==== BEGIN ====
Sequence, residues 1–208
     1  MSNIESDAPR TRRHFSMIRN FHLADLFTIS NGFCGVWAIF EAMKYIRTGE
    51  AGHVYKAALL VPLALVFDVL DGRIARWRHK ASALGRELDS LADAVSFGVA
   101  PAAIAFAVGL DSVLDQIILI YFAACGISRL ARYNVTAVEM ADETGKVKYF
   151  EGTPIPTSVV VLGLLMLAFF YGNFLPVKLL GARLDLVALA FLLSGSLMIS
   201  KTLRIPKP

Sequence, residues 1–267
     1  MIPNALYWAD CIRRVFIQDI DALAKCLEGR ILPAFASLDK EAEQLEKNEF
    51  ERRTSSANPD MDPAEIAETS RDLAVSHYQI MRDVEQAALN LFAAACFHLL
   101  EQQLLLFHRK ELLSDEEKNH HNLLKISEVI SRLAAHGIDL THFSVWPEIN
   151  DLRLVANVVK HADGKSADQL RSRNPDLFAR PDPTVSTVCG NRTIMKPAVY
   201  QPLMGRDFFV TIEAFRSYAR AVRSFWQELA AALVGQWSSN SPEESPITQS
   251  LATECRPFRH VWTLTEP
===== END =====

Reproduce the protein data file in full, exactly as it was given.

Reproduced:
Sequence, residues 1–208
     1  MSNIESDAPR TRRHFSMIRN FHLADLFTIS NGFCGVWAIF EAMKYIRTGE
    51  AGHVYKAALL VPLALVFDVL DGRIARWRHK ASALGRELDS LADAVSFGVA
   101  PAAIAFAVGL DSVLDQIILI YFAACGISRL ARYNVTAVEM ADETGKVKYF
   151  EGTPIPTSVV VLGLLMLAFF YGNFLPVKLL GARLDLVALA FLLSGSLMIS
   201  KTLRIPKP

Sequence, residues 1–267
     1  MIPNALYWAD CIRRVFIQDI DALAKCLEGR ILPAFASLDK EAEQLEKNEF
    51  ERRTSSANPD MDPAEIAETS RDLAVSHYQI MRDVEQAALN LFAAACFHLL
   101  EQQLLLFHRK ELLSDEEKNH HNLLKISEVI SRLAAHGIDL THFSVWPEIN
   151  DLRLVANVVK HADGKSADQL RSRNPDLFAR PDPTVSTVCG NRTIMKPAVY
   201  QPLMGRDFFV TIEAFRSYAR AVRSFWQELA AALVGQWSSN SPEESPITQS
   251  LATECRPFRH VWTLTEP